Posts Tagged ‘child care’

Thinking about maternity leave

Thursday, August 6th, 2015

pregnant woman with ipadHave you heard that Netflix is offering unlimited paid parental leave to their employees? During their first year as new parents, Netflix employees can take as much time off as they choose while still earning their normal salary. This is really an amazing policy. If you’re working and pregnant, you probably have thought a lot about maternity leave. Over the past 30 years, the participation rate in the labor force of women with children under age 3 has risen from 34.3% in 1975 to 60.9% in 2011. Half of all mothers work during pregnancy and return to work after their baby is born. And among women who worked during their pregnancy between 2005 and 2007, 58.6% returned to work 3 months after giving birth and 72.9% returned to work 6 months after giving birth. It is important to know what options are available to you so that you can plan ahead.

Under the Family and Medical Leave Act (FMLA) employees can take time off from work without pay for pregnancy- and family-related health issues. The act provides up to 12 weeks of unpaid, job-protected leave per year. It also requires that you can keep your health insurance benefits during the leave. To qualify, you must have worked for your employer for at least 12 months, worked at least 1,250 hours during the last 12 months, and worked at a location where the company has 50 or more employees within 75 miles.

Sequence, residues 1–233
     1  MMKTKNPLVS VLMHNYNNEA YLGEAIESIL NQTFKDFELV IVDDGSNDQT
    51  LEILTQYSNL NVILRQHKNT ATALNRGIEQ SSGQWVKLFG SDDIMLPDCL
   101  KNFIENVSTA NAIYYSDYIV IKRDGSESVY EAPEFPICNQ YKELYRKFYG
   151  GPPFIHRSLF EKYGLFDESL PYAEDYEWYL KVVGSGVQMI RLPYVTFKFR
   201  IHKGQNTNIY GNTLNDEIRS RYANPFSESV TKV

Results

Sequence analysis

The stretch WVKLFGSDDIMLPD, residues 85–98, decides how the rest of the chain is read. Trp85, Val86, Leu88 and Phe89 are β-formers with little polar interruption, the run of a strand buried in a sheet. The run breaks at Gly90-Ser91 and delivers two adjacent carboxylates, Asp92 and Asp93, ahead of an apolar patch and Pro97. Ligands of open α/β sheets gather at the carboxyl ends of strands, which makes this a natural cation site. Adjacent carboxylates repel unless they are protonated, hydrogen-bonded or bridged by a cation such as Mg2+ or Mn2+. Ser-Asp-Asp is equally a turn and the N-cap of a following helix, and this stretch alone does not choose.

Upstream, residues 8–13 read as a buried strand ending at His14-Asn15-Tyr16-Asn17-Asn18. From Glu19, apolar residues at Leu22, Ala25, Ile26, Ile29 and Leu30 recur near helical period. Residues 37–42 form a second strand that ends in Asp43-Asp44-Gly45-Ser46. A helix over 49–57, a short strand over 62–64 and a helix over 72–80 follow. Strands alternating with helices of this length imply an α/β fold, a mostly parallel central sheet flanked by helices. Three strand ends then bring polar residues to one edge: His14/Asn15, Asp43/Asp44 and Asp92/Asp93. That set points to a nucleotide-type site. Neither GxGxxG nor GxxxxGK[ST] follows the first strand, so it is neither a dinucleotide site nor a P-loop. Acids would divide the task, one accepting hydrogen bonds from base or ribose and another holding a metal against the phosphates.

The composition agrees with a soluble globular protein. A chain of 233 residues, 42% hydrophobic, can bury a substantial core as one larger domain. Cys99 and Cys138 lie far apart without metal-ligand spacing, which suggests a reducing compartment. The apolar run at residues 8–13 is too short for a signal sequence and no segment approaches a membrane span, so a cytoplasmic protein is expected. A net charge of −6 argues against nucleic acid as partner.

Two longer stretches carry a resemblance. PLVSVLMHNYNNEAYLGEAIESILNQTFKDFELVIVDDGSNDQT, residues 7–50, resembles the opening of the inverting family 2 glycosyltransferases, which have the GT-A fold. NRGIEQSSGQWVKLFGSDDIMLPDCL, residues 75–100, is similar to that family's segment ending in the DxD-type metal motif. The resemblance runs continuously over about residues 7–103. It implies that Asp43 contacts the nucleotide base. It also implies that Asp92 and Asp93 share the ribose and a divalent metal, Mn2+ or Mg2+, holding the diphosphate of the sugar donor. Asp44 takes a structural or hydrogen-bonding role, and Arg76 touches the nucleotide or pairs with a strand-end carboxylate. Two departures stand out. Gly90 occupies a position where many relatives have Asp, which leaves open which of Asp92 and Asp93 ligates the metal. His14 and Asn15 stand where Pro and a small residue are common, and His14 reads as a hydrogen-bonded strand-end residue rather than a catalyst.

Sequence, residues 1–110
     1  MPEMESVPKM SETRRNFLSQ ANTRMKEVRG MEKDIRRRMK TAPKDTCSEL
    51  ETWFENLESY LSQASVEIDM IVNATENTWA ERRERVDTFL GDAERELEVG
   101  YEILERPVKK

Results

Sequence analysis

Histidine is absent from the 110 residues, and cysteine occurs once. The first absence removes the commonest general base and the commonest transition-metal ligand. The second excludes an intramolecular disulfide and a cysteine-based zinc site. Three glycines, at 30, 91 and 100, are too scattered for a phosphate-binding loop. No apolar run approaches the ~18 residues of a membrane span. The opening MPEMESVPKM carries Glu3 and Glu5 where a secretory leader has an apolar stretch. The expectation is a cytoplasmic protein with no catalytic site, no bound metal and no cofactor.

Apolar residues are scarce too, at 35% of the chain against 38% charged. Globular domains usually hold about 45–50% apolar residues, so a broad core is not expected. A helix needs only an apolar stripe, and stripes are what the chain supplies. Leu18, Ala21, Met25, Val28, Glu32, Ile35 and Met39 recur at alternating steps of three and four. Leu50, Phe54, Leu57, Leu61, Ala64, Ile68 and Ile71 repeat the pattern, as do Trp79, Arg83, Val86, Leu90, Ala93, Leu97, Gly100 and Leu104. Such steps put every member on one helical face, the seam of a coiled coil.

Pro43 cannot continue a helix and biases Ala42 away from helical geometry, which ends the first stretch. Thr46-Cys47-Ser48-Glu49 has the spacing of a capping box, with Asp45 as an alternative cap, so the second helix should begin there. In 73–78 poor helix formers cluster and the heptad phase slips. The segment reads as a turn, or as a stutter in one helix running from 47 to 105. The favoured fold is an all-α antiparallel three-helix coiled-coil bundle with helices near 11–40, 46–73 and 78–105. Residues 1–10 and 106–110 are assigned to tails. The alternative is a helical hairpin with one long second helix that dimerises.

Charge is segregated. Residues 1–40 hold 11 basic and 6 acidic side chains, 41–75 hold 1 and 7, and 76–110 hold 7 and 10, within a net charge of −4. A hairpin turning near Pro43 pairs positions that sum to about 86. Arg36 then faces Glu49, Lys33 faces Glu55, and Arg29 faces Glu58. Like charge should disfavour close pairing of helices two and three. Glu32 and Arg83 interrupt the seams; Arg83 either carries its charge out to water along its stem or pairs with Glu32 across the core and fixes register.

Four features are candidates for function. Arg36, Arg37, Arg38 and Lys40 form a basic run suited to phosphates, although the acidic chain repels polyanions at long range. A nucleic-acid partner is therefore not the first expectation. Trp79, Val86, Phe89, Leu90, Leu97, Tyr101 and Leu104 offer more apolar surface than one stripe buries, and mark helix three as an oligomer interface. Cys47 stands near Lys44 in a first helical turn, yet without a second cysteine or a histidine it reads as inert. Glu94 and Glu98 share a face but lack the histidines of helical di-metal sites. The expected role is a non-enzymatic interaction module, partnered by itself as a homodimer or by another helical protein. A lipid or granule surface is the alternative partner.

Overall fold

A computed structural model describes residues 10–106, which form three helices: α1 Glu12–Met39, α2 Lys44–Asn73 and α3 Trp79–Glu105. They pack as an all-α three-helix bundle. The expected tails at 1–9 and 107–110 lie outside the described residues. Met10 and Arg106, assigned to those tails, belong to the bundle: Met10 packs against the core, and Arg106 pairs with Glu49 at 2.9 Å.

In addition to the FMLA leave, your employer may have its own maternity leave policies. Talk to your boss or someone from human resources (also called HR). Here are some questions you may want to ask:

  • Does your employer offer paid maternity leave? Some employers offer paid time off for the birth of your baby. Talk with someone from HR to find out if you have paid maternity leave.
  • Does your health insurance continue while you’re on maternity leave? If you get your health insurance through your employer, your HR person can tell you about what your insurance plan covers. You may need to change your health plan after your baby’s born to make sure he’s covered, too.
  • Does your employer offer flex time or telecommuting for when you’re ready to go back to work? For example, can you work fewer hours each week or work from home at the beginning? And then increase your hours or your time in the office little by little over a few weeks?
  • Are there other programs or services that your employer offers to new moms? If you’re breastfeeding, find out if your employer has a lactation room. This is a private space (not a bathroom) that you can use to pump breast milk. Employers with more than 50 employees must provide this space for breastfeeding moms.